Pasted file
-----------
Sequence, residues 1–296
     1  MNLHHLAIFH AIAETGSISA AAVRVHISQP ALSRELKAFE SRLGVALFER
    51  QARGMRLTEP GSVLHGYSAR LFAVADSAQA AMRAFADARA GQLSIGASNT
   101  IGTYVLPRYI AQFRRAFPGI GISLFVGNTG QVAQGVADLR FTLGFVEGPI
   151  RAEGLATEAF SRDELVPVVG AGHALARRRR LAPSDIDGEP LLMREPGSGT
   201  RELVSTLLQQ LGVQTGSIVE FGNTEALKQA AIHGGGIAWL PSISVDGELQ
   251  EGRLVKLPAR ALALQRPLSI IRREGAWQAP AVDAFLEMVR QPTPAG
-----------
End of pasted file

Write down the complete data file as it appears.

Sequence, residues 1–296
     1  MNLHHLAIFH AIAETGSISA AAVRVHISQP ALSRELKAFE SRLGVALFER
    51  QARGMRLTEP GSVLHGYSAR LFAVADSAQA AMRAFADARA GQLSIGASNT
   101  IGTYVLPRYI AQFRRAFPGI GISLFVGNTG QVAQGVADLR FTLGFVEGPI
   151  RAEGLATEAF SRDELVPVVG AGHALARRRR LAPSDIDGEP LLMREPGSGT
   201  RELVSTLLQQ LGVQTGSIVE FGNTEALKQA AIHGGGIAWL PSISVDGELQ
   251  EGRLVKLPAR ALALQRPLSI IRREGAWQAP AVDAFLEMVR QPTPAG